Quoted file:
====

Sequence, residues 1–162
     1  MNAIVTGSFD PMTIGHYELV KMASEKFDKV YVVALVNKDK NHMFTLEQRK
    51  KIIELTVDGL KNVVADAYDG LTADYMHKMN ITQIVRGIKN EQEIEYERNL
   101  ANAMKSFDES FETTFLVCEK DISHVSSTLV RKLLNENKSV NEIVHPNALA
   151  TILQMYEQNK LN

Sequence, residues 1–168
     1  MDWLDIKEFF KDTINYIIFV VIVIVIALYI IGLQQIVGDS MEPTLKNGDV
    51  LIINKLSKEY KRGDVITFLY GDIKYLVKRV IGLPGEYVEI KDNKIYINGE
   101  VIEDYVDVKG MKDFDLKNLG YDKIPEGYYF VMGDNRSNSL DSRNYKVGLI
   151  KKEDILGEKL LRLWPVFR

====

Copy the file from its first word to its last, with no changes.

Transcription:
Sequence, residues 1–162
     1  MNAIVTGSFD PMTIGHYELV KMASEKFDKV YVVALVNKDK NHMFTLEQRK
    51  KIIELTVDGL KNVVADAYDG LTADYMHKMN ITQIVRGIKN EQEIEYERNL
   101  ANAMKSFDES FETTFLVCEK DISHVSSTLV RKLLNENKSV NEIVHPNALA
   151  TILQMYEQNK LN

Sequence, residues 1–168
     1  MDWLDIKEFF KDTINYIIFV VIVIVIALYI IGLQQIVGDS MEPTLKNGDV
    51  LIINKLSKEY KRGDVITFLY GDIKYLVKRV IGLPGEYVEI KDNKIYINGE
   101  VIEDYVDVKG MKDFDLKNLG YDKIPEGYYF VMGDNRSNSL DSRNYKVGLI
   151  KKEDILGEKL LRLWPVFR